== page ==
The beginners running course I was persuaded to sign up to after my parkrunning started this week which is another time out from under the duvet.

So don't panic, I am not in a great place, but a step better than last week,

Wednesday, 26 April 2017

waving not drowning

I have written a number of blogs over the months - well not written so much as voiced out to myself whilst walking the dog. Then I get home and she wants her dinner and life happens and the world ends up saved from my ruminations.

So what is different today? Well instead of deep and profound insights to issues in the big wide world, or at least round the corner, today is just a vomit of emotion that I need to vent.

Trigger Alert

First of all I need to say I am safe. I am not at risk of acting on these feelings.

When it takes all your energy to surface in the morning, when walking the dog through woodland provokes thoughts about whether a branch would take your weight or be high enough to ....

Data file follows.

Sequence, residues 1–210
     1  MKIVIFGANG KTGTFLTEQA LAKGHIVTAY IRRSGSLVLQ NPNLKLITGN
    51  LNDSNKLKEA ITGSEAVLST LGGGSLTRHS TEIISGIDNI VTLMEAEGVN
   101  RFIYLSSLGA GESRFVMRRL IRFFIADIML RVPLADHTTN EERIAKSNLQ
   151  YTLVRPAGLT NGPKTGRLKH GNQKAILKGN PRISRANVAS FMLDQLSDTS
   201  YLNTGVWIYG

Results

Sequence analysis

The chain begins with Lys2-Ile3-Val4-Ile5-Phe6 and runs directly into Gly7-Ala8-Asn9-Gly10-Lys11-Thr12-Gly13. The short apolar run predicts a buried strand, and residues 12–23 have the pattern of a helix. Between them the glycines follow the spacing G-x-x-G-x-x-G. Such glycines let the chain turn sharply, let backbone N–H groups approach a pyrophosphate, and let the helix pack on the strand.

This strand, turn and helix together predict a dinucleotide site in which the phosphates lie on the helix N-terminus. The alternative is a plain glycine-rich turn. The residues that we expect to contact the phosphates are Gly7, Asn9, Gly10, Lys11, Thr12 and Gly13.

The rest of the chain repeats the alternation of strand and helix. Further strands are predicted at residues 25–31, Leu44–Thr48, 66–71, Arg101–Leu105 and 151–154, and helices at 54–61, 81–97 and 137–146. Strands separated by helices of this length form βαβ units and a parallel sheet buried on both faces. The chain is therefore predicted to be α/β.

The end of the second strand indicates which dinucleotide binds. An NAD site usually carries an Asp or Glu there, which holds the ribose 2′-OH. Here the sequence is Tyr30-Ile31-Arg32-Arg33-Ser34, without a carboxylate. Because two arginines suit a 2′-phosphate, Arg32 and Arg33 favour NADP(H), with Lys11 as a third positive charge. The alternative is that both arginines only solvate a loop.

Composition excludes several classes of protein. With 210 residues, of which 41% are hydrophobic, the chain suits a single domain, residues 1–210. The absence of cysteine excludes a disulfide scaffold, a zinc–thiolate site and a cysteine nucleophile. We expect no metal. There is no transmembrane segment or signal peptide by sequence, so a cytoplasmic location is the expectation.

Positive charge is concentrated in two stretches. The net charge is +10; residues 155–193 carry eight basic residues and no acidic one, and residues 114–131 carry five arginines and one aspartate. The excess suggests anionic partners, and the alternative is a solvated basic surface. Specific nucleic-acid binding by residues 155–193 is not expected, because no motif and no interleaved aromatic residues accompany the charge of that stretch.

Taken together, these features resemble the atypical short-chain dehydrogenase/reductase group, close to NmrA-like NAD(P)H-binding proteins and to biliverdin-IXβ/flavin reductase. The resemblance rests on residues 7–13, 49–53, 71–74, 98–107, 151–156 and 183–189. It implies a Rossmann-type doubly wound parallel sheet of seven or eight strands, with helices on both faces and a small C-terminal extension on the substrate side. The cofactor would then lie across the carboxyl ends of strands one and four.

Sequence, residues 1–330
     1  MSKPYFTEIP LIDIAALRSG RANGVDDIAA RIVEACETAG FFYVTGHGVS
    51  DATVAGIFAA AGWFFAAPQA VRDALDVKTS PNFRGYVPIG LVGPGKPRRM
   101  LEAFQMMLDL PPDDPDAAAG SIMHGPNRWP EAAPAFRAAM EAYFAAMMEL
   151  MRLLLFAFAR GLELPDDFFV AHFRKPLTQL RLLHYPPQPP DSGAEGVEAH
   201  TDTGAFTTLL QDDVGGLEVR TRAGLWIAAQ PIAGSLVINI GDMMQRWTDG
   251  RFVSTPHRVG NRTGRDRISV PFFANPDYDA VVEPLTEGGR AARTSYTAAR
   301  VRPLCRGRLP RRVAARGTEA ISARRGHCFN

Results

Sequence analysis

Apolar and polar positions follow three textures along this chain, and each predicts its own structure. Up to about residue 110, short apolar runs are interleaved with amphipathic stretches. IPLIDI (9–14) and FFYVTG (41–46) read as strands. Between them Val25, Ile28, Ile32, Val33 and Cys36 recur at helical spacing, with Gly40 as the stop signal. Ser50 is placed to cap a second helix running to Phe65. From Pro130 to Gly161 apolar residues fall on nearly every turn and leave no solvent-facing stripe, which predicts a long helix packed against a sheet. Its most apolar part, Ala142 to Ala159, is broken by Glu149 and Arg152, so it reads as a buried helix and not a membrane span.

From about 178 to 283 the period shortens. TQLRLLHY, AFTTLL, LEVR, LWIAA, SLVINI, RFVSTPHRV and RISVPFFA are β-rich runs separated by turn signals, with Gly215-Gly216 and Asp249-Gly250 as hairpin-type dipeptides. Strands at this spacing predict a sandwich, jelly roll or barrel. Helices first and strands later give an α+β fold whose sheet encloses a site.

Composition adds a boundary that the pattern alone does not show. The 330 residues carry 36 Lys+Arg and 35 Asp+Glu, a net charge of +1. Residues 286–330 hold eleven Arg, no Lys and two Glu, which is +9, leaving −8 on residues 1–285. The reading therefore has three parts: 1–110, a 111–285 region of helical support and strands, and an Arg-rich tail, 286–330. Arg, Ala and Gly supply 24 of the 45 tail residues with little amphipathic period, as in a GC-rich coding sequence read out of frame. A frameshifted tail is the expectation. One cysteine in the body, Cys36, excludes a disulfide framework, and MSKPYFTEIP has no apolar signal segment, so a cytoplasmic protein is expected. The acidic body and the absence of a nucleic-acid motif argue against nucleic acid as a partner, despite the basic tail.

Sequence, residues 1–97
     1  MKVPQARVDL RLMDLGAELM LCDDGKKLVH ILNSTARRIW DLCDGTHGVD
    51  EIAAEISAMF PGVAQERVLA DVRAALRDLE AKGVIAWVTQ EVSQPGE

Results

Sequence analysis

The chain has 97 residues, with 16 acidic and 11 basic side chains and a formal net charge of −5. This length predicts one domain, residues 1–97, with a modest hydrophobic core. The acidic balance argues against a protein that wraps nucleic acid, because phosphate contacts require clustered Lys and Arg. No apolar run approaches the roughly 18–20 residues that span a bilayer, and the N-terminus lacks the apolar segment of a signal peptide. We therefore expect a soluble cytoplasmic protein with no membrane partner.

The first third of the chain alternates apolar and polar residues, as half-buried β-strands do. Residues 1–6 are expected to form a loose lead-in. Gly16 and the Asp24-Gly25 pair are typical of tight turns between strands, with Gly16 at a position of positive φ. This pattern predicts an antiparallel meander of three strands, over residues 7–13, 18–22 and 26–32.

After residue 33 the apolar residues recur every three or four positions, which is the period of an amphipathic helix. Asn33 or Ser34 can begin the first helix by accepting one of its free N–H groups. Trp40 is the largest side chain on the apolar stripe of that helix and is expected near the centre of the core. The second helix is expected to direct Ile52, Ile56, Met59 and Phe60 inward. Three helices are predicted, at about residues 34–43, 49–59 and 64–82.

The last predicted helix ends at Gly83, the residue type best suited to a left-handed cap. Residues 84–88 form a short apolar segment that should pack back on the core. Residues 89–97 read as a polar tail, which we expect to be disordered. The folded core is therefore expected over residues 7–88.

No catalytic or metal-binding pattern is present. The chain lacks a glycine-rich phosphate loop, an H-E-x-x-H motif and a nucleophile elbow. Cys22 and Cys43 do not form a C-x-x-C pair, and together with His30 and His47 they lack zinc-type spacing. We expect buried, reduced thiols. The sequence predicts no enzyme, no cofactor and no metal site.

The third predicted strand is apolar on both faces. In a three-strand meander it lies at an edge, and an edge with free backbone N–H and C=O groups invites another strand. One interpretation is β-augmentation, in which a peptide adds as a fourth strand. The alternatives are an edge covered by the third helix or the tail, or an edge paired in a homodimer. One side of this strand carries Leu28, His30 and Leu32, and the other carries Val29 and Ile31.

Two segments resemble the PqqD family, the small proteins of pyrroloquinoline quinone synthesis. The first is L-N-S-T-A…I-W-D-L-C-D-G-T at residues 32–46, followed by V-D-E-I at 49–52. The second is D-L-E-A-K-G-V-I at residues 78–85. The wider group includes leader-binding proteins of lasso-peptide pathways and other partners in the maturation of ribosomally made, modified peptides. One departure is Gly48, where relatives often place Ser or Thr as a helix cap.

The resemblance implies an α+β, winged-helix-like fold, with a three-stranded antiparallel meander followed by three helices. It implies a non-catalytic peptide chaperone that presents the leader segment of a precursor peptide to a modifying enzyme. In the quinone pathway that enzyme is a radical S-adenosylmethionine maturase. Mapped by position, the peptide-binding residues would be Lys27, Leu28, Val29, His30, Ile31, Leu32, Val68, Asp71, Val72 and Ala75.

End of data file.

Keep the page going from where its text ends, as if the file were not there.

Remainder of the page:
And I know that doughnuts don't really count as lunch but they fell into my hands at the petrol station.

Yes I turned up at a meeting, yes I went to lead a school assembly, but through it all I craved my duvet and yearned for the oblivion of hiding under it in denial of all responsibilities.

I am 42, an adult, a professional, even told I am good at my role as a minister. I go to national committees and actually feel more functional there than at local meetings where I expect my cover to be blown at any moment.

I live in chaos and clutter - not enough to drown me but enough to add to my sense of failure to be a coping adult. I don't recall happiness only lesser degrees of depression, Even my mad active times are not happy but driven.

This morning we were challenged to think positively and that was highlighted as the small plodding steps. But did they, could they, grasp what it is like when takes all the effort to merely surface each day, and to distract yourself enough from the scream in your head to be able to look functional? Some do I know. Yet still I feel alone, even knowing I am not. Such is the deep fog - a crowd can travel the same path but in isolation from those just two steps away/

I live. As one of those internet meme says 'So far I have a 100% success rate at surviving each day'


Friday, 23 December 2016

To what am I called? Being and/or doing

Following my last post I looked out this piece which I wrote when dealing with training for ministry and a depressive breakdown. I had gone to a weekend gathering reflecting on being in church and how those with impairment are a gift and not merely recipients of ministry.

This was my reflection on calling - to be or to do?